Eric LaMontagne published Vermont's Supplemental Budget Adjustment in News 2020-05-28 12:46:25 -0400
Vermont’s Supplement Budget Adjustments due to the current pandemic have been in the news recently. But how many Vermonters know what it is and what impact it has on the State’s yearly budget?Read more
High-level supporting arguments for investing in skills-based and applied-science training."Guy Ryder, ILO [International Labor Organization] director-general, said if young people’s 'talent and energy is side-lined by a lack of opportunity or skills it will damage all our futures and make it much more difficult to re-build a better, post-COVID economy.'He argued that 'significant and immediate action' needed to be taken to improve their situation, with the ILO recommending programs guaranteeing employment and training be implemented in both developed, as well as low- and middle-income economies."https://www.cnbc.com/2020/05/27/coronavirus-effects-on-the-young-could-lead-to-a-lockdown-generation.html
As reported by Newport Dispatch News, young professionals networking in the Northeast Kingdom recently got a boost.
"The Northeast Kingdom Young Professionals Network (NEK YPN) recently received a $3,000 grant from the Vermont Community Foundation’s Northeast Kingdom Fund.
The grant will help further NEK YPN’s mission of supporting young professionals both socially and professionally by expanding outreach efforts and promoting a new Welcome Wagon Program."
The Remote Worker Grant Program (RWGP) is an economic development initiative launched by the VT legislature in 2018. The RWGP provides funds to professionals who want to relocate to Vermont but still maintain employment out-of-state. These funds are used to offset their cost of moving here. According to the Agency of Commerce and Community Development’s Department of Economic Development (ACCD), the managing entity of this program, this program benefits Vermonters “by increasing the population of taxpayers in the state as well as increasing the number of children enrolled in Vermont schools. It also helps to build the employment base as Vermont faces a workforce shortage and employers are struggling to find workers.”Read more
Vermont, we have a unique opportunity on our hands. When the legislative session kicks off this January, lawmakers will be asked to re-allocate funds for the newly created Ethics Committee, and in doing so take a critical step towards a foundational element of a more prosperous state. It is up to us to demand action. If we cannot trust government officials to act in our best interest, then reforms in healthcare, education, and economic development will never reach their full potential.Read more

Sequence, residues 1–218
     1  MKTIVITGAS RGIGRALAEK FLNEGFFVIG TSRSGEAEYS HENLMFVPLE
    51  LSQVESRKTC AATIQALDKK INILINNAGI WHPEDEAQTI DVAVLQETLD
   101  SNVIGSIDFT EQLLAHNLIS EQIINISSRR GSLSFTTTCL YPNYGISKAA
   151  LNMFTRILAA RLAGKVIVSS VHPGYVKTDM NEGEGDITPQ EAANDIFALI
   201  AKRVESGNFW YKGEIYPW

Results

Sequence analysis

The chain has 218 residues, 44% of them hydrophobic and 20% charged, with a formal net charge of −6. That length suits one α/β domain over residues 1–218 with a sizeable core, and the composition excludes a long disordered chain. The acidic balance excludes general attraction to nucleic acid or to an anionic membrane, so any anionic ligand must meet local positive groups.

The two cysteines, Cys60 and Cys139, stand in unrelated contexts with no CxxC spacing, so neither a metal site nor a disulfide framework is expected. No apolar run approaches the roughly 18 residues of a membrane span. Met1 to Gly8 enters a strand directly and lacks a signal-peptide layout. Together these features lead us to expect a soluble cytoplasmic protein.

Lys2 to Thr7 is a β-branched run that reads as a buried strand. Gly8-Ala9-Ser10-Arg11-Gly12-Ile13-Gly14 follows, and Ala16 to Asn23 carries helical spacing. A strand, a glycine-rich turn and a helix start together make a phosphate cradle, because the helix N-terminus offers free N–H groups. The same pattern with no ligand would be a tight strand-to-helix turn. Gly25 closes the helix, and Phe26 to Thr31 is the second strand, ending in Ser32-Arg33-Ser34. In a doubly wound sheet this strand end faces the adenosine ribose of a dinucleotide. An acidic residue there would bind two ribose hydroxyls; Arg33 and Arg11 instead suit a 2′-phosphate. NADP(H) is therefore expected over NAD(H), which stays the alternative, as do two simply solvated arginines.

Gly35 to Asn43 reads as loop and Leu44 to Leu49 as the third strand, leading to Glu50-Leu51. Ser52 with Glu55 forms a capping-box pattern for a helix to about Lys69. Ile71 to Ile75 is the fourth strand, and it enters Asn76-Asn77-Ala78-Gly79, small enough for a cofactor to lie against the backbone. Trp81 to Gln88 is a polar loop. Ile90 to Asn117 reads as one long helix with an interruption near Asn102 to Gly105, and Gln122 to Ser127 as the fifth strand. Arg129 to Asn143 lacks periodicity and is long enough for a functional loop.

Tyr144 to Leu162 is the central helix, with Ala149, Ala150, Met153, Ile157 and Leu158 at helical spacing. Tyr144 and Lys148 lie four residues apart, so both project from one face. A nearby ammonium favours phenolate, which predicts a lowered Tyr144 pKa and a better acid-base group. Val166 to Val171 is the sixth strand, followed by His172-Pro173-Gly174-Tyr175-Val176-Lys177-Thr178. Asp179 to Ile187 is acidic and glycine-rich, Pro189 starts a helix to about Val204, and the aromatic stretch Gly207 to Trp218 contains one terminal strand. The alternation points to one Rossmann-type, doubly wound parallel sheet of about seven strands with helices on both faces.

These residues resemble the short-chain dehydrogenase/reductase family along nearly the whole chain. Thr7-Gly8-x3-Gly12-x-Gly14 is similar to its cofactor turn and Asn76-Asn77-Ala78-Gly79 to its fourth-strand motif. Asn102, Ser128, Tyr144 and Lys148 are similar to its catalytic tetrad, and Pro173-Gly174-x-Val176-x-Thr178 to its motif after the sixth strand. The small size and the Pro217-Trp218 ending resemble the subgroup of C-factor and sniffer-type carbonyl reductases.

Editor’s note: This commentary is by Don Keelan, a retired certified public accountant and resident of Arlington. The piece first appeared in the Bennington Banner.Read more
Eric LaMontagne published Penny wise, pound foolish: closing the Salisbury Hatchery doesn’t make long-term financial sense. in News 2019-02-22 13:20:27 -0500
Nearly two out of every three Vermont residents hunt, fish or watch wildlife. This is second only to Alaska as a percentage of population participation in these activities. In fact, according to a 2015 University of Vermont study, “the most recent national survey of wildlife-related expenditures, Vermont residents and out-of-state visitors spent approximately $685 million a year on hunting, fishing, and wildlife viewing (U.S Fish and Wildlife Service 2012).”
Looking at the latest annual numbers from the American Sportfishing Association, fishing in Vermont by residents and non-residents generates $147.1 million in retail sales, resulting in an additional $225 million of economic impact. It supports more than 2400 jobs and $73.2 million in wages and salaries, while generating $15.9 million in local and state tax revenues.
From the die-hard to the weekend-warrior, the seven-generation Vermonter to the traveling vacationer, Vermont’s angling community has a significant impact on Vermont’s bottom line.
So why does it, in the eyes of the State, make sense to jeopardize this entire industry for want of $250,000?Read more
Eric LaMontagne answered 2019-01-29 15:44:40 -0500Q: Do you support additional authority for the Ethics Commission?
Vermonters deserve to have confidence in our public officials. That is why the Ethics Commission was created: to promote and practice the highest level of ethical standards and accountability in state government. In their own words, "The Commission provides governmental ethics training to all public officials, accepts complaints of governmental misconduct, provides information to the public, and issues ethical guidance and advisory opinions by interpreting and applying state law, governmental codes of conduct, and the General Principles set forth in Section 1 of the State Code of Ethics ."Take the survey
For nearly a decade Eric worked as the communications and development director for Lake Champlain International, a non-profit dedicated to conserving & revitalizing Lake Champlain & its watershed. In 2017 he took over as Executive Director of CFV and served two years leading the organization.
Eric now works as a web strategist and UI/UX designer responsible for client communication and relationship management, and am accountable for maintaining timeline and budget. I work collaboratively with clients across many industries to educate them on the importance of a user-first online experience, and then create comprehensive UX and content strategies, build wireframes, and optimize conversion opportunities. I oversee projects from start to finish and take pride in delighting every customer with whom I work.